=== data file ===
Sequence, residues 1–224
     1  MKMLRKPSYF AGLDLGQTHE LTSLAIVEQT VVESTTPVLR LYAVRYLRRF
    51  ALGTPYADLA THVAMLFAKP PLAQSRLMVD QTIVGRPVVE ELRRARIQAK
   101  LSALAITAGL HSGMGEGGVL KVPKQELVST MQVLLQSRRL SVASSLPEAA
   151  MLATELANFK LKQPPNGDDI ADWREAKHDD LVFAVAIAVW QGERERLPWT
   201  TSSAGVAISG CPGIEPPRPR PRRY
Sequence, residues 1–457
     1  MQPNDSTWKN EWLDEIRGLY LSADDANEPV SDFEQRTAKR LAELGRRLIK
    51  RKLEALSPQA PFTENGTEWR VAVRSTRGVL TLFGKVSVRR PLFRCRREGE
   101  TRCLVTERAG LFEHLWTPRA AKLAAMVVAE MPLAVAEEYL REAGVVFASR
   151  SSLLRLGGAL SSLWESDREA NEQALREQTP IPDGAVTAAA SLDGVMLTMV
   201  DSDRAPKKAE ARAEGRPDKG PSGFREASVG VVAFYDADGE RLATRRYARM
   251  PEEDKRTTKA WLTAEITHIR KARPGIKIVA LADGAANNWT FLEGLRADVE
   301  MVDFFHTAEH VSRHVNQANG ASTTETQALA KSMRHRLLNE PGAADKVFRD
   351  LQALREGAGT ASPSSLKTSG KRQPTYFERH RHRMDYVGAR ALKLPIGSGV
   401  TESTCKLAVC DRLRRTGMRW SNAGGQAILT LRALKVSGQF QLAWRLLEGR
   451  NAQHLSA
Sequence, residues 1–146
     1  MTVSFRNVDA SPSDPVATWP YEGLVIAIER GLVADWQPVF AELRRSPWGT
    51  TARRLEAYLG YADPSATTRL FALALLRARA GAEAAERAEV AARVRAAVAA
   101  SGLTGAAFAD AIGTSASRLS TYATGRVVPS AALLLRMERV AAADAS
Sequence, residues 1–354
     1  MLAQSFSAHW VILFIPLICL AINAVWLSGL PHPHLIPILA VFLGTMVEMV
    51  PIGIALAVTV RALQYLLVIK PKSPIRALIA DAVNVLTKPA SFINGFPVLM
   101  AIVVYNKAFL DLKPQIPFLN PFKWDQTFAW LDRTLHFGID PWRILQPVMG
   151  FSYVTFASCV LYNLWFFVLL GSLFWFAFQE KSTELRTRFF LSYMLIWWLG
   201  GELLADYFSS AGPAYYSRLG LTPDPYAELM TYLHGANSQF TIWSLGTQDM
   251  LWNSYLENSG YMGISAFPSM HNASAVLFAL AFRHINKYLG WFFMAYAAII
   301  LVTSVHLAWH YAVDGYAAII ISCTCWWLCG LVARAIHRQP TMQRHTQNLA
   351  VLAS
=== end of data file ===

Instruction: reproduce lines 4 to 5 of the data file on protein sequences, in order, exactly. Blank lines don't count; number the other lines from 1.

   101  LSALAITAGL HSGMGEGGVL KVPKQELVST MQVLLQSRRL SVASSLPEAA
   151  MLATELANFK LKQPPNGDDI ADWREAKHDD LVFAVAIAVW QGERERLPWT